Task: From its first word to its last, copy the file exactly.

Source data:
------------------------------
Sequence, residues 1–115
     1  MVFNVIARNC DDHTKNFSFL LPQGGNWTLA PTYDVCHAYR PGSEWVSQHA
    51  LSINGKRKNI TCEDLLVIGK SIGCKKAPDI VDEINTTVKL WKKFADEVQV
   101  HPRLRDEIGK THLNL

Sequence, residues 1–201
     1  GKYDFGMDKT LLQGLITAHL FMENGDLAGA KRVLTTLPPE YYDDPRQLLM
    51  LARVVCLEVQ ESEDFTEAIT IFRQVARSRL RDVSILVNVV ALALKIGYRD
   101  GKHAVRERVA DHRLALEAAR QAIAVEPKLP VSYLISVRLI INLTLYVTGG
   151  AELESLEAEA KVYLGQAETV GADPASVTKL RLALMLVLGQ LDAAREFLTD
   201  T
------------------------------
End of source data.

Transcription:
Sequence, residues 1–115
     1  MVFNVIARNC DDHTKNFSFL LPQGGNWTLA PTYDVCHAYR PGSEWVSQHA
    51  LSINGKRKNI TCEDLLVIGK SIGCKKAPDI VDEINTTVKL WKKFADEVQV
   101  HPRLRDEIGK THLNL

Sequence, residues 1–201
     1  GKYDFGMDKT LLQGLITAHL FMENGDLAGA KRVLTTLPPE YYDDPRQLLM
    51  LARVVCLEVQ ESEDFTEAIT IFRQVARSRL RDVSILVNVV ALALKIGYRD
   101  GKHAVRERVA DHRLALEAAR QAIAVEPKLP VSYLISVRLI INLTLYVTGG
   151  AELESLEAEA KVYLGQAETV GADPASVTKL RLALMLVLGQ LDAAREFLTD
   201  T